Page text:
Numerous other objects and advantages of the invention, not at this time enumerated, will become more readily apparent as the nature of the same is better understood.

In the accompanying drawing forming a part of this specification a preferred embodiment of the invention has been shown.

In the drawing:

Fig. 1 is a fragmentary longitudinal sectional view taken substantially centrally through a journal box construction embodying the principles of the present invention.

Fig. 2 is an enlarged fragmentary detailed longitudinal sectional view taken substantially centrally through the signaling device of the present invention and showing the same operatively installed within a recess or pocket provided for it in the journal bearing member.

Fig. 3 is a sectional view similar to Fig. 2 showing the signal device with the parts thereof in their operative extended position.

Fig. 4 is a sectional view taken substantially along the line 4-4 of Fig. 2, and

Fig. 5 is a sectional view taken substantially along the line 5-5 of Fig. 3.

Referring now to the drawings in detail and in particular to Fig. 1, the invention is shown herein as being associated with the journal construction disposed within a journal box 10 of a railway car truck. The journal box illustrated herein is more or less of conventional design and construction, although certain minor modifications thereof have been resorted to to adapt the same to accommodation of the present signal device. The journal box is cast, integrally with the truck side frame as indicated at 11 and 12. The conventional outer end wall of the journal box and its hinged lid or cover plate has been omitted and the end of the present journal is completely open as indicated at 13. At the opposite end, the journal box is provided with an opening 14 to receive an axle journal 15 of a conventional wheel axle 16. The axle 16 is provided with a dust guard bearing 17 disposed between the axle journal 15 and the axle body 16. A dust guard slot 18 is aligned with the dust guard bearing 17 and is adapted to receive a conventional wooden dust guard .19, the function of the latter being to prevent the ingress of dirt or other foreign material into the journal box 10 through the opening 14.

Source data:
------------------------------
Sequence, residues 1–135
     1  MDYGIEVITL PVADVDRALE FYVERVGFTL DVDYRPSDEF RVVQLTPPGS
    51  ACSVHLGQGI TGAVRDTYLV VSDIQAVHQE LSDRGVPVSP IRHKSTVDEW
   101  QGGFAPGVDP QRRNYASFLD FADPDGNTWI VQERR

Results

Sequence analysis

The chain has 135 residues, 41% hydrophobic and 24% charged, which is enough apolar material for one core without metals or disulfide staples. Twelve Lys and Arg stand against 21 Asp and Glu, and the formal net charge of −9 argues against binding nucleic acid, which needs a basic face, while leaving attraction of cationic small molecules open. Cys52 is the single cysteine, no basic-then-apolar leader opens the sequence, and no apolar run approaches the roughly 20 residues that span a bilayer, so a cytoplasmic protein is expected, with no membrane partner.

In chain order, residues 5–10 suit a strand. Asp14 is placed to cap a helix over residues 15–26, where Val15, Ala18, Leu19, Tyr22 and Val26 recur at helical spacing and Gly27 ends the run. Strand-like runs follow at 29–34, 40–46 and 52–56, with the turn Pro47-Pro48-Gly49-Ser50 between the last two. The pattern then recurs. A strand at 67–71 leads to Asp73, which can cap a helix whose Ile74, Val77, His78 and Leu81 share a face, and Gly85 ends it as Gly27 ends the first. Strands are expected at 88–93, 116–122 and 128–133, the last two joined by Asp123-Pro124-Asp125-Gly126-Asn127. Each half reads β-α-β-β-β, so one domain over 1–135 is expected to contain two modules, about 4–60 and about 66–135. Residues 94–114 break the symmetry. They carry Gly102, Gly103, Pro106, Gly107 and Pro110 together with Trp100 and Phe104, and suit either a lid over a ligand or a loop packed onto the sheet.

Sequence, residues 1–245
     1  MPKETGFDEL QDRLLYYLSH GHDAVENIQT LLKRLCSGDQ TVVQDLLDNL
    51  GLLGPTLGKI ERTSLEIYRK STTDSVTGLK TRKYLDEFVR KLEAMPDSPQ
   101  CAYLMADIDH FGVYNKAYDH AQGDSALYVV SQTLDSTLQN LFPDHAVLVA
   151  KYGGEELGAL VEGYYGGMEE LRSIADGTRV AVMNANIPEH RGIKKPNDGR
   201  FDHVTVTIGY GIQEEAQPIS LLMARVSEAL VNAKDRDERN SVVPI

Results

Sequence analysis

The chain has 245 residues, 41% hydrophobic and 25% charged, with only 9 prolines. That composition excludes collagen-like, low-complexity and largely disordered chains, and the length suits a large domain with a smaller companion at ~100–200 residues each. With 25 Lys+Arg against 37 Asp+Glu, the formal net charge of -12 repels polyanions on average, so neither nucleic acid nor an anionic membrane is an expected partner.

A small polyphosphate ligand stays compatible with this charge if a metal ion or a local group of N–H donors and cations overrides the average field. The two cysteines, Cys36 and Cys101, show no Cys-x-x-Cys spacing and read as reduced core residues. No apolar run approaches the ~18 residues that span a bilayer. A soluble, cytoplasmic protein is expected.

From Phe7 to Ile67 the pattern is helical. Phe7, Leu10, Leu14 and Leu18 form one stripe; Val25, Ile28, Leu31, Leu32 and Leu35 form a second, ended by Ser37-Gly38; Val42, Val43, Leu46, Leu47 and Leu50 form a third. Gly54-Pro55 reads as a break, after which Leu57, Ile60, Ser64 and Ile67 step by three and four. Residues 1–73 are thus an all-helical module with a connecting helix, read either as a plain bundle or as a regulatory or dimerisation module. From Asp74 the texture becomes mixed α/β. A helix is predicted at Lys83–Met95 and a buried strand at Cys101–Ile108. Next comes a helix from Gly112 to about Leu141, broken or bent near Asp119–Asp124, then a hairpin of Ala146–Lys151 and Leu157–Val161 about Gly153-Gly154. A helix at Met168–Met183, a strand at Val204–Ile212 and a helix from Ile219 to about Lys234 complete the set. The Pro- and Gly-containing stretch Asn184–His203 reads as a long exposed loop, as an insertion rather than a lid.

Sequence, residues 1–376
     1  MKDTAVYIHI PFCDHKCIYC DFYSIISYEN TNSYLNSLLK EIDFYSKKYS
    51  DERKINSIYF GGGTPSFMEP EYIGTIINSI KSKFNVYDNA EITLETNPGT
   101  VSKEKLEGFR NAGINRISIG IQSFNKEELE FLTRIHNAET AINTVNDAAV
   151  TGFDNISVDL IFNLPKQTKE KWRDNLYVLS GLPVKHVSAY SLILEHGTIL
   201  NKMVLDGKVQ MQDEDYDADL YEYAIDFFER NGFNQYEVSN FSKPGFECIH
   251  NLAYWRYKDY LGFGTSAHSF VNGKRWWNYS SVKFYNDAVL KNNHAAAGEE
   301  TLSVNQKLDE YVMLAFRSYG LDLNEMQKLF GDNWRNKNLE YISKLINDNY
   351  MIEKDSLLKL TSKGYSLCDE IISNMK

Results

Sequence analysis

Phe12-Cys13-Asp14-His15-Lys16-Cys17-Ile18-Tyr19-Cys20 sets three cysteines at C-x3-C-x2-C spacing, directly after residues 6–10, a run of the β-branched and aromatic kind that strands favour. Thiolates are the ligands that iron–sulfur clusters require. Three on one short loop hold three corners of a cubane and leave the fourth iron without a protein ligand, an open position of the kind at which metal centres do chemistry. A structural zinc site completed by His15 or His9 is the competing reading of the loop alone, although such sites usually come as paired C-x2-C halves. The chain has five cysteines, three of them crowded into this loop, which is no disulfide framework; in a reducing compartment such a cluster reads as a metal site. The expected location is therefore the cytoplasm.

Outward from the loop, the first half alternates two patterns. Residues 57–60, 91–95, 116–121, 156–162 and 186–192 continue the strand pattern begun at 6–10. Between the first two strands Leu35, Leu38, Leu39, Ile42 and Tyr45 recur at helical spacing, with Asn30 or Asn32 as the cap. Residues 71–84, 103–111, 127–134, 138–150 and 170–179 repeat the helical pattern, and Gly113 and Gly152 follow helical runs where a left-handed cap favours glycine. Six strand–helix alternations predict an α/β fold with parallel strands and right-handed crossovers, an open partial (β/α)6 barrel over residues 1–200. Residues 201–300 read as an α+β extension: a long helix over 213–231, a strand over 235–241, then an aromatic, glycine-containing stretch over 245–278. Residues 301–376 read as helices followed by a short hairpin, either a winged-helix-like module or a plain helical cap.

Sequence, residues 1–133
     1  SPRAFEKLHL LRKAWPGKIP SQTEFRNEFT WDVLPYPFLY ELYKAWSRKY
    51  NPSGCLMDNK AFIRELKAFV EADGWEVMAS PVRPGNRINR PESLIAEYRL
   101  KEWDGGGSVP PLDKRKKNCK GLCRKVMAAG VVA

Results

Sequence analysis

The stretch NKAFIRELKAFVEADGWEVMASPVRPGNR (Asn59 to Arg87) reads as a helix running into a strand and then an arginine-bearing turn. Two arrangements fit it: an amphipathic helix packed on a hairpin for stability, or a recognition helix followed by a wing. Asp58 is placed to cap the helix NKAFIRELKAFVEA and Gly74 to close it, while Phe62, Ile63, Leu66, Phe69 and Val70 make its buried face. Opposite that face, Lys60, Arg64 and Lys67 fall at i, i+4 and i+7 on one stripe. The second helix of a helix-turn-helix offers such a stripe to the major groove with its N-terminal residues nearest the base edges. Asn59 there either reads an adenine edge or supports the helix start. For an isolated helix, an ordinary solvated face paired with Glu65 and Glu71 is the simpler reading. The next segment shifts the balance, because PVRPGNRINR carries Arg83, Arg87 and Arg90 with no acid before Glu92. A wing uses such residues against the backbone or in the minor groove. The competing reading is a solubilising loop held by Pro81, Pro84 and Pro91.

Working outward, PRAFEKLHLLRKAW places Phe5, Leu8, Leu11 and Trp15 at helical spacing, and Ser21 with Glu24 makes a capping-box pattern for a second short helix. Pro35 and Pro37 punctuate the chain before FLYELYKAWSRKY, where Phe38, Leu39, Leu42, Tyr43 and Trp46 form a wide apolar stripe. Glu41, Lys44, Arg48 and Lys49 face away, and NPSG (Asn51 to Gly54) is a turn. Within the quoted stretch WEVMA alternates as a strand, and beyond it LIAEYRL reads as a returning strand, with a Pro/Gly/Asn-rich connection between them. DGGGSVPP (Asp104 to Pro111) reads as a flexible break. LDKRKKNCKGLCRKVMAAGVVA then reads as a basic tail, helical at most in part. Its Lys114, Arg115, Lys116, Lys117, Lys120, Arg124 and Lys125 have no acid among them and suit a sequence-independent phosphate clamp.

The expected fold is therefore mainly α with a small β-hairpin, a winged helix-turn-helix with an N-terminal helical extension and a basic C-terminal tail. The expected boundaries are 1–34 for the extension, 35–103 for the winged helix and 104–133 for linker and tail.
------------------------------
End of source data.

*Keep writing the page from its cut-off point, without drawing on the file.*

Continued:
The bearing assembly for the axle journal 15 includes an upper journal bearing member 20 of block form and comprising a unitary metal casting formed with a concave underneath surface 21 adapted to seat on the top surface of the axle journal 15. A journal bearing liner 22 formed of babbitt or other suitable bearing metal is interposed between the bearing member 20 and journal 15 and rests on top of the axle journal 15. The journal bearing block 21 is provided with the usual flat which engages the underneath surface of the upper wall 23 of the journal box 10, which wall, as previously stated, is integrally cast with the truck frame. The forward end region of the bearing member 20 is internally recessed as at 24 to accommodate an end collar 25 provided on the end of the axle journal 15. The extreme outer end of the bearing member 20 forwardly of the recess 24 extends downwardly as at 26 and is formed with an outwardly extending bolting flange 27 which merges with similar outwardly extending bolting flanges 28 provided at the sides of the lower rim of the inverted troughshaped bearing members 20. It is to be noted that the width of the internal recess 24 is somewhat in excess of the width of the end collar 25 so that a clearance is provided which will permit a limited amount of axial movement of the journal bearing relative to the axle journal 15.